Environmental Justice

In the Bay Area, across the country, and around the world, low-income and minority communities bear a disproportionate share of the impacts of environmental degradation.

Low-income and minority communities are exposed to more unhealthy pollution1, have less access to parkland and other forms of nature2, and are underserved by public transit3. At the same time, climate-change impacts, from heat waves to higher food costs, disproportionately affect our most vulnerable populations4—a reality that will only exacerbate inequality.

The Sierra Club allies itself with communities affected by environmental degradation and works to achieve social justice for all. Only with a fully enfranchised society can we make the systemic changes necessary to protect the environment. To stop the pillaging of our lands and the poisoning of our air and water, we need to fight for a system that protects and empowers each individual.

Keeping out the dirtiest fossil fuels

With supplies of "conventional" crude oil dwindling worldwide, Bay Area refineries are scrambling to retrofit their facilities so that they can bring in and refine the dirtiest and most dangerous crudes5, such as toxic Canadian tar sands and explosive, fracked Bakken crude. The Bay Area's five oil refineries—as with other local sources of pollution including toxic waste sites, smokestack industries, chemical plants, and busy freeways—are located in communities that are primarily made up of low-income and minority households.6

Astonishingly, today there are no facility-wide limits on what the Bay Area's oil refineries can spew into our air. The Bay Chapter is working with a coalition of local organizations to push for caps on refinery emissions of greenhouse gases, deadly particulate matter, and toxic pollutants. It's critical that we implement these limits on emissions before refineries can lock in their ability to refine the dirtiest crude oils. Emission caps will also give us a baseline of emissions that we can then work to bring down over time.

Access to nature

Access to nature is an environmental-justice concern, not only for equity but also to broaden the base and leadership of the environmental movement. The Bay Chapter's Inspiring Connections Outdoors (ICO) program—the first in the nation and a model for about 50 more in other Sierra Club chapters—is an all-volunteer outreach program that provides wilderness experiences for at-risk individuals who might not otherwise have them. There is a growing trend in ICO nationwide to take the conservation efforts within our work to a new level—at the same time that conservation-minded folks bring renewed recognition of outings as a key way to inspire people to become environmentalists and activists.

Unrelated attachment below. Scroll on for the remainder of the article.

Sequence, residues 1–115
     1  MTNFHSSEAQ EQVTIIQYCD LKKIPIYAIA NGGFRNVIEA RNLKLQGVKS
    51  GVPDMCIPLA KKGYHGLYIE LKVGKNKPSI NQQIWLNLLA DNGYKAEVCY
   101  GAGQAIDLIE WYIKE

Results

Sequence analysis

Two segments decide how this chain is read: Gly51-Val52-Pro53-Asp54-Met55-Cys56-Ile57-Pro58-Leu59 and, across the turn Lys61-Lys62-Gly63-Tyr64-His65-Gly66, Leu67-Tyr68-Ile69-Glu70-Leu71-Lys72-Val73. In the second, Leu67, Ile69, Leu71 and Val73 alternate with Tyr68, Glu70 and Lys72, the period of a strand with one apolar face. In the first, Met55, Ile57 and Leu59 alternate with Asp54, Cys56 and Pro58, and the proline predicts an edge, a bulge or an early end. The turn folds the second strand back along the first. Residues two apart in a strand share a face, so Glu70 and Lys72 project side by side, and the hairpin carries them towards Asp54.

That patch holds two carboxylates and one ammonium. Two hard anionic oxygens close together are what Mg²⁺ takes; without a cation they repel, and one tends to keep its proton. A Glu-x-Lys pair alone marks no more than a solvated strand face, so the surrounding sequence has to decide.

Explore outings of the Bay Chapter’s ICO Backpacking and ICO Rafting sections.

Environmental justice in housing and transportation

The Bay Chapter supports affordable housing throughout the Bay Area. When people can afford to live near where they work — particularly in transit-rich, walkable urban areas—there is an aggregate reduction of sprawl and greenhouse-gas emissions7. Constructing multiunit housing sited compactly within urban areas requires fewer resources than does building suburban single-family houses8. An ongoing Chapter effort is making sure that new housing is distributed equitably in all parts of the Bay Area and not just concentrated in areas of high minority population, leading to increased segregation of housing and transportation.

Read more about our efforts in the areas of transportation and compact growth.


(1) Environmental Protection Agency, EJSCREEN: EPA's Environmental Justice Screening and Mapping Tool.

(2) Alessandro Rigolon and Travis L. Flor, "Access to Parks for Youth as an Environmental Justice Issue: Access Inequalities and Possible Solutions," Buildings, 2014, 4, 69-94.

(3) Eric Mann, "An Environmental Justice Strategy for Urban Transportation," Race, Poverty & the Environment, Vol. 12 No. 1, Winter 2005.

(4) U.S. Environmental Protection Agency, "Climate Impacts on Society."

(5) Greg Karras, Communities for a Better Environment, "Combustion Emissions from Refining Lower Quality Oil: What Is the Global Warming Potential?," Environmental Science & Technology, 2010, 44, 9584–9589.

(6) Janet McCabe, Environmental Protection Agency, Environmental Justice in Action blog, "Looking for Input: Displaying Data from Fenceline Monitors for Refinery Pollution."

(7) TransForm, "Why Creating and Preserving Affordable Homes Near Transit is a Highly Effective Climate Protection Strategy," May 2014.

(8) U.S. Energy Information Administration, "Apartments in buildings with 5 or more units use less energy than other home types," July 2013.

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